Questions over the authenticity of Mr Joseph Boinett’s academic credentials and how he will tackle corruption in the police were key during Thursday’s vetting of the president’s nominee for police inspector-general.
Some members of the joint security committee of the Senate and National Assembly sought to know how Mr Boinett got two master’s degrees while working for the National Intelligence Service from where he was picked.
Mr Abdikadir Ore (Wajir North, ODM) and Elizabeth Ongoro (nominated, ODM) intimated that Mr Boinett might not have genuinely obtained the academic credentials.
“The attached transcripts are not clear and do not look genuine. What was your mode of study?” Mr Ore asked.
Senator Ongoro said the committee should ascertain if the educational institutions that Mr Boinett went to were recognised by the Commission for University Education.
The committee is co-chaired by Mr Asman Kamama (Tiaty, URP) and Senator Yusuf Haji (Garissa, TNA).
However, Mr Kamama and Mr Haji asked those questioning the nominee’s education background to spare their concerns for another forum.
“The committee will have an opportunity to cross check these details when we retreat to prepare the report that will be submitted in the two Houses. The authenticity of the academic papers will be checked,” Mr Kamama said.
The committee members are scheduled to meet on Sunday to discuss Mr Boinett’s suitability to head the country’s police service. This comes after Mr David Kimaiyo retired early at the height of protests over rising insecurity last year.
Mr Boinett told the committee that he earned his first degree online because he was working when he enrolled.
“Many universities worldwide have embraced the online mode of study including Kenyatta University, but I did my master’s as a full time student,” he said.
The committee members sought to know how the nominee would use intelligence reports and his strategy to tackle corruption which has tainted the image of the police and undermined officers’ ability to deliver services to the public.
They observed that the police had been blamed for ignoring intelligence information that could have helped prevent crimes and demanded to know how Mr Boinett would improve working relations between the police and intelligence officers.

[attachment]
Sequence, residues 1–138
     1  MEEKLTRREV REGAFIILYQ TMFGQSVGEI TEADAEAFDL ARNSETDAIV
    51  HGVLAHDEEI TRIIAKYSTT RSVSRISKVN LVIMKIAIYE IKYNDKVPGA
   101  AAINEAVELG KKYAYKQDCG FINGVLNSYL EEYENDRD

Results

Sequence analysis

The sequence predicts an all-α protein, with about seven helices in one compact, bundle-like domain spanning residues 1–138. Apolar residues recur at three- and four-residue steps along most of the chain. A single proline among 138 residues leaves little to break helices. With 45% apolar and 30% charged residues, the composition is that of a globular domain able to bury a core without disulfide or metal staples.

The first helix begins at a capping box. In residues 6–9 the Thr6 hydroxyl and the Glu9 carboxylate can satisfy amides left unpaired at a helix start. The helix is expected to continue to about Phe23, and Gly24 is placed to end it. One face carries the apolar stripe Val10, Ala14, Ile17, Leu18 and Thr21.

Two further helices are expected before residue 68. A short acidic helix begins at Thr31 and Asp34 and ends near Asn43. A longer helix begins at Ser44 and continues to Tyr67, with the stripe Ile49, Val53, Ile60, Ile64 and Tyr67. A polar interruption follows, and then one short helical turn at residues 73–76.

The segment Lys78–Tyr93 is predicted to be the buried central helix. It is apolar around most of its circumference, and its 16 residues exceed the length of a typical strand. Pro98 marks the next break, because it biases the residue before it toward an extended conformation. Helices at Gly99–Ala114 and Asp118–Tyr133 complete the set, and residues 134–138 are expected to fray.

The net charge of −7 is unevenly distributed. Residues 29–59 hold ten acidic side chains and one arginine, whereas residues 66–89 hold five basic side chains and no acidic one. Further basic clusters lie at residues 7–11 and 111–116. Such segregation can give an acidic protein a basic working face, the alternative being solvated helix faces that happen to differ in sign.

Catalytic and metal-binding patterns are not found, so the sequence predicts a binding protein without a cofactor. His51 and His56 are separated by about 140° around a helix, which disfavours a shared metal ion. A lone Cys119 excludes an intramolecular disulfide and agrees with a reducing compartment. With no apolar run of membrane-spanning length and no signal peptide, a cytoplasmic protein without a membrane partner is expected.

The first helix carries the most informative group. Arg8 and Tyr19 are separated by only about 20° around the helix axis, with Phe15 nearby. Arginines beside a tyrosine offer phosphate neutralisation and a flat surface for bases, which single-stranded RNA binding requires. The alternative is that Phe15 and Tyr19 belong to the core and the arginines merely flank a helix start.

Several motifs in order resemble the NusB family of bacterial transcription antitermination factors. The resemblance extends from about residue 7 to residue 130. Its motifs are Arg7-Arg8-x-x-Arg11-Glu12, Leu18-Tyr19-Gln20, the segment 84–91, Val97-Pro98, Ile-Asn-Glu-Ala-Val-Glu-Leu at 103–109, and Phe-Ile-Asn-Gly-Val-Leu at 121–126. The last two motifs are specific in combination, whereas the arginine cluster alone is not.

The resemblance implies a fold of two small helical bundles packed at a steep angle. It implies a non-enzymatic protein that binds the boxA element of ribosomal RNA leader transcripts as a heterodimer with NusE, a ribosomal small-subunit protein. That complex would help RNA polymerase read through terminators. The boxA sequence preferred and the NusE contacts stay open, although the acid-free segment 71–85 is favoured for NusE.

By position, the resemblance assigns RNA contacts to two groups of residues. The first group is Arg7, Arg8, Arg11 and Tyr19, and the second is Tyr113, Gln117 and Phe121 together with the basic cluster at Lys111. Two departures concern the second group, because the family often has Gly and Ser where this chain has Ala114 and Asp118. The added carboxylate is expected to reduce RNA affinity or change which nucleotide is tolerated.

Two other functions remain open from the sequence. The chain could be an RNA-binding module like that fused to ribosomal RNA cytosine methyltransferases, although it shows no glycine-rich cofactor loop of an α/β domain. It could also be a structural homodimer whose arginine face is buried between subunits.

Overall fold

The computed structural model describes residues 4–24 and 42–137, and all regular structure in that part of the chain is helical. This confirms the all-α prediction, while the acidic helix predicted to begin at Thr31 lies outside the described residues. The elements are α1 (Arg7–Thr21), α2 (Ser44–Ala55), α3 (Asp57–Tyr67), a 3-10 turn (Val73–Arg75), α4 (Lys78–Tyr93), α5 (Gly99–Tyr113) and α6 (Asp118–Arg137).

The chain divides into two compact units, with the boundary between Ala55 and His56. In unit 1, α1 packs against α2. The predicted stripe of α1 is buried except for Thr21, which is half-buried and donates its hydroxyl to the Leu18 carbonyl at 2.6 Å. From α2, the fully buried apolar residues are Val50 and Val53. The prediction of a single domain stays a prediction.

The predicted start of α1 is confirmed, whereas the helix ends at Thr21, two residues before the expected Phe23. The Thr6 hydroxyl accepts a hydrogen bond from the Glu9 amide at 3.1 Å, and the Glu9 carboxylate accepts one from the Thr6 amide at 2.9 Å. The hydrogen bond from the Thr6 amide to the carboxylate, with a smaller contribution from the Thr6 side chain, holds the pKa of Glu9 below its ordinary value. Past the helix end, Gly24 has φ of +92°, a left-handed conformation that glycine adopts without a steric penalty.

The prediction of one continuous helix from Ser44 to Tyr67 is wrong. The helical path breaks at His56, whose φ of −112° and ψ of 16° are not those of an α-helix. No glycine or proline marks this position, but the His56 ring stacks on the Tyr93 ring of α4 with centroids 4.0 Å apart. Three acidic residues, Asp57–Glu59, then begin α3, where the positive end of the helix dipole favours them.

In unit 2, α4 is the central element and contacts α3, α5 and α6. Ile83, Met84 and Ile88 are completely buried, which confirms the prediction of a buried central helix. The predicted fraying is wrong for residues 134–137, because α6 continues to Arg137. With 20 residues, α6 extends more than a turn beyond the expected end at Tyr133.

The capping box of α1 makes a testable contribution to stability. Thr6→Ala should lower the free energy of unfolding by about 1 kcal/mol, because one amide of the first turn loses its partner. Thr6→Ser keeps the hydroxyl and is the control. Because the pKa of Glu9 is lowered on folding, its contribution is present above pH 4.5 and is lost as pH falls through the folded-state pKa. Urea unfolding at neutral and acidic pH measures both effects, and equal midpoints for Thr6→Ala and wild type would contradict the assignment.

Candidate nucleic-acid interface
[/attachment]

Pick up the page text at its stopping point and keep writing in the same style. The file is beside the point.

“If you are able to stamp out corruption, you will have done 90 per cent of your work,” Deputy Senate Speaker Kembi Gitura (Murang’a, TNA) said.
Mr Boinett told the committee that if given the job, he would firmly deal with corruption besides being the best placed to popularise the value of intelligence information given that he has worked in the National Intelligence Service as a principal intelligence officer.
Mr Boinett admitted that the relationship between the police and the intelligence service was marred by suspicion. He attributed this to lack of understanding of each other’s roles.
“Having worked both in the intelligence and police service, I clearly understand the distinct roles of both and if confirmed, I would be the best bridge,” he told the interviewers.
He said that he would not tolerate the blame game displayed by the two units.
“I know how intelligence is collected, analysed and delivered. If there would be any gaps, I would know where to ask,” he said.
He, however, declined to reveal some of his qualifications.
“Some of the trainings I underwent are classified and I wish they would remain the same,” he said.
To avoid deaths of police officers in the line of duty, he said that officers sent to risky regions, like cattle rustling prone counties, would be sufficiently equipped.
He also said that there should be no problem between Administration Police and their Kenya Police counterparts since the law clearly defines what each service should do.
Mr Boinett said corruption was a threat to national security and required a robust response to win public confidence.
“I am ready to slay the dragon of corruption whatever the consequences,” he said. “To deal with this monster called corruption, the most effective way is draining the swamp that permits corruption to thrive.”
This, he explained, entailed working with bodies like the Ethics and Anti-Corruption Commission and the Independent Policing Oversight Authority to seal loopholes that promote the vice and ensuring the process of punishing offenders is prompt, especially those involving traffic cases.
He said that he was ready to revamp and re-energise the ongoing police reforms and turn around the National Police Service into one that offers people-centred policing.
He also pledged to work within the confines of the law.
“I am kind and calm and ever reserved. That is the face you see. But, behind that, there is a very firm man. I don’t tolerate nonsense from anybody. I don’t accept mediocrity. I will confront entrenched cultures of impunity, corruption and abuse of human rights head on,” he said.